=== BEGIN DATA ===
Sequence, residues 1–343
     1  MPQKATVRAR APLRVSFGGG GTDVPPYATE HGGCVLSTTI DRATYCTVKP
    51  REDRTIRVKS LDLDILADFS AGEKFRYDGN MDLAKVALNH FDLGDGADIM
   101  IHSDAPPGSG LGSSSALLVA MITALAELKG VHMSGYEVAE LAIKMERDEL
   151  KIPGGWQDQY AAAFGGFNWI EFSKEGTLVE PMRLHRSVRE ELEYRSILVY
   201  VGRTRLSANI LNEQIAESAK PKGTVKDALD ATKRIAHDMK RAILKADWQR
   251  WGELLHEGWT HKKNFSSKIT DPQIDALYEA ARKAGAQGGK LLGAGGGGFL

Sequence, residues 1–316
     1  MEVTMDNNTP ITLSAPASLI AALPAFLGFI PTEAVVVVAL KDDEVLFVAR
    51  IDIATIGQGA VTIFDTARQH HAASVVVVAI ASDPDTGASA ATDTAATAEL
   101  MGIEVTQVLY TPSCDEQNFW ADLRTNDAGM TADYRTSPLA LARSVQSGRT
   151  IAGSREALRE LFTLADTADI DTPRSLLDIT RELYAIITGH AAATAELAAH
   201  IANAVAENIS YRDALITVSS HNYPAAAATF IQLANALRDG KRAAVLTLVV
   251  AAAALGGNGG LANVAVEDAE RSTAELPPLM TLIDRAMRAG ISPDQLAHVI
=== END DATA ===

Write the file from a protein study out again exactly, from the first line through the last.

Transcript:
Sequence, residues 1–343
     1  MPQKATVRAR APLRVSFGGG GTDVPPYATE HGGCVLSTTI DRATYCTVKP
    51  REDRTIRVKS LDLDILADFS AGEKFRYDGN MDLAKVALNH FDLGDGADIM
   101  IHSDAPPGSG LGSSSALLVA MITALAELKG VHMSGYEVAE LAIKMERDEL
   151  KIPGGWQDQY AAAFGGFNWI EFSKEGTLVE PMRLHRSVRE ELEYRSILVY
   201  VGRTRLSANI LNEQIAESAK PKGTVKDALD ATKRIAHDMK RAILKADWQR
   251  WGELLHEGWT HKKNFSSKIT DPQIDALYEA ARKAGAQGGK LLGAGGGGFL

Sequence, residues 1–316
     1  MEVTMDNNTP ITLSAPASLI AALPAFLGFI PTEAVVVVAL KDDEVLFVAR
    51  IDIATIGQGA VTIFDTARQH HAASVVVVAI ASDPDTGASA ATDTAATAEL
   101  MGIEVTQVLY TPSCDEQNFW ADLRTNDAGM TADYRTSPLA LARSVQSGRT
   151  IAGSREALRE LFTLADTADI DTPRSLLDIT RELYAIITGH AAATAELAAH
   201  IANAVAENIS YRDALITVSS HNYPAAAATF IQLANALRDG KRAAVLTLVV
   251  AAAALGGNGG LANVAVEDAE RSTAELPPLM TLIDRAMRAG ISPDQLAHVI